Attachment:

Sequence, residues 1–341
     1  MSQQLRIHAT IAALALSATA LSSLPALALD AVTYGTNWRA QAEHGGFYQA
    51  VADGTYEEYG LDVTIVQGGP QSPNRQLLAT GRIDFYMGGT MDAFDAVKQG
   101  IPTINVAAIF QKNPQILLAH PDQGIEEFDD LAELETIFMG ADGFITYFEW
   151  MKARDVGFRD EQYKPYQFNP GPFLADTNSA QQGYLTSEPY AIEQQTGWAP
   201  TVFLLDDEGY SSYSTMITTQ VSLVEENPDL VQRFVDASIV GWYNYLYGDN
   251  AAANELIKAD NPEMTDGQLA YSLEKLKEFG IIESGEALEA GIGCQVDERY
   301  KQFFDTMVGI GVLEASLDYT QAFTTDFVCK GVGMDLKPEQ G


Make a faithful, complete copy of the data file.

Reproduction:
Sequence, residues 1–341
     1  MSQQLRIHAT IAALALSATA LSSLPALALD AVTYGTNWRA QAEHGGFYQA
    51  VADGTYEEYG LDVTIVQGGP QSPNRQLLAT GRIDFYMGGT MDAFDAVKQG
   101  IPTINVAAIF QKNPQILLAH PDQGIEEFDD LAELETIFMG ADGFITYFEW
   151  MKARDVGFRD EQYKPYQFNP GPFLADTNSA QQGYLTSEPY AIEQQTGWAP
   201  TVFLLDDEGY SSYSTMITTQ VSLVEENPDL VQRFVDASIV GWYNYLYGDN
   251  AAANELIKAD NPEMTDGQLA YSLEKLKEFG IIESGEALEA GIGCQVDERY
   301  KQFFDTMVGI GVLEASLDYT QAFTTDFVCK GVGMDLKPEQ G